Foreign human capital and the earnings gap between immigrants and Canadian-born workers

Nicole Fortin, Thomas Lemieux, Javier Torres

Producción científica: Contribución a una revistaArtículo de revista revisión exhaustiva

27 Citas (Scopus)

Resumen

. We use new information on the location of study of immigrants available in the 2006 Canadian Census to estimate returns to Canadian and foreign human capital. We find that controlling for the source of human capital (Canadian versus foreign) helps account for a large share of the immigrant/native-born wage gap. We show that commonly-used imputation procedures (e.g. Friedberg, 2000) that assign domestic and foreign education based on age at arrival tend to overestimate the returns to foreign education and underestimate the returns to foreign work experience. We also find that the immigrant/native-born wage gap is highly heterogeneous across places of birth even after including location of study fixed effects, although this inclusion markedly reduces the negative country of origin effects for countries like China, Pakistan, and India. Finally, we note substantial heterogeneity in the portability of human capital across fields of study.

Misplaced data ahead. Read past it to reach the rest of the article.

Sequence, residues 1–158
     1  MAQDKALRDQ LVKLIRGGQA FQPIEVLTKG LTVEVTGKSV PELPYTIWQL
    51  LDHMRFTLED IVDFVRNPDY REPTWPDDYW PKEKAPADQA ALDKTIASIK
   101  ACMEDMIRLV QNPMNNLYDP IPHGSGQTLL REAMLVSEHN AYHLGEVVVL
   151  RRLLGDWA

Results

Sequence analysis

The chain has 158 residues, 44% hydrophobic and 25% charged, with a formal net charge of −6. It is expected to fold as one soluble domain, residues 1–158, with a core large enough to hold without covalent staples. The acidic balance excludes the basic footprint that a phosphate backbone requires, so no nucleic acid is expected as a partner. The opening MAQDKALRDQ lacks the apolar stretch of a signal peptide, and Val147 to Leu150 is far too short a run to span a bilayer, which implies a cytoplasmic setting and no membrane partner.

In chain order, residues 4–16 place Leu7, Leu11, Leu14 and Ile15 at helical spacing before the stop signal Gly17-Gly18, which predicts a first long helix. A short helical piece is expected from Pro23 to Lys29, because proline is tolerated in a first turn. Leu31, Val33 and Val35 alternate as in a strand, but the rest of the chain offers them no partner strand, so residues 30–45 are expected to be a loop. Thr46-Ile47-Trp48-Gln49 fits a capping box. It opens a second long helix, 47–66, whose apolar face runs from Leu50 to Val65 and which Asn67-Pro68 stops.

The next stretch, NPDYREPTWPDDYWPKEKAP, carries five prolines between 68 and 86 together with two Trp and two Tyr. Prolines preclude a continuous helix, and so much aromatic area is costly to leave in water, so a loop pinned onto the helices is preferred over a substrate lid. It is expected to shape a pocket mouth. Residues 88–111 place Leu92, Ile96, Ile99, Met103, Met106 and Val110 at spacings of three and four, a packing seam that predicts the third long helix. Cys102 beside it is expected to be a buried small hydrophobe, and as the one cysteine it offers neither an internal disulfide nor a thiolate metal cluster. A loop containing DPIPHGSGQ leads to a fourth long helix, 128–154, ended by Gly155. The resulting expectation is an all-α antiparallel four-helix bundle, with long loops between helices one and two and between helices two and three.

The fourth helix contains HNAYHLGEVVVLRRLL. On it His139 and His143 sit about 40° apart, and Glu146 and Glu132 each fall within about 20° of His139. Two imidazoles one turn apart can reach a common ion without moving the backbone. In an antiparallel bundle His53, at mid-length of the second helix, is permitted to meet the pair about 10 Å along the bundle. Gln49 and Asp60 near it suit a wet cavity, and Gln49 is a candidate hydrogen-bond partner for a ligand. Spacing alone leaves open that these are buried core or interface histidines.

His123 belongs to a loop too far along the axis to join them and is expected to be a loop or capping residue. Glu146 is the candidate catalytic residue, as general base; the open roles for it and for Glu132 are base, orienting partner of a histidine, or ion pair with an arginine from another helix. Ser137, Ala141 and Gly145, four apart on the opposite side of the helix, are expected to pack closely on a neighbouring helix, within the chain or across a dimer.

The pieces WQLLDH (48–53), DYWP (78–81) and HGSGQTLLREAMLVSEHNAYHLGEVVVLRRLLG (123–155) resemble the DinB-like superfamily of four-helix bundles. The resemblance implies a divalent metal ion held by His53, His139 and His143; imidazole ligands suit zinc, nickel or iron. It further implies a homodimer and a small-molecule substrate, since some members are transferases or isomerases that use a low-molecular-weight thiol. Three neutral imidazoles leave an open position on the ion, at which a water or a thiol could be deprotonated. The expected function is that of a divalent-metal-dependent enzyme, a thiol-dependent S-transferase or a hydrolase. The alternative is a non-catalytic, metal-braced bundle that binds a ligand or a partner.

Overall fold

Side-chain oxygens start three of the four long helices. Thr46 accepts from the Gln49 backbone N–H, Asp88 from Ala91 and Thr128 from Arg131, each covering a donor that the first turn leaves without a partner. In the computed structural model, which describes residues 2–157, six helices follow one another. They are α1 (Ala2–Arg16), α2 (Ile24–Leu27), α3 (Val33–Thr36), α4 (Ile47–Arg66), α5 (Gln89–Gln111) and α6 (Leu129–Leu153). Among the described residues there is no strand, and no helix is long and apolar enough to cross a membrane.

Idioma originalInglés
Páginas (desde-hasta)104-119
Número de páginas16
PublicaciónLabour Economics
Volumen41
DOI
EstadoPublicada - 1 ago. 2016

Palabras clave

  • Human capital
  • Immigrant assimilation
  • Wage gap

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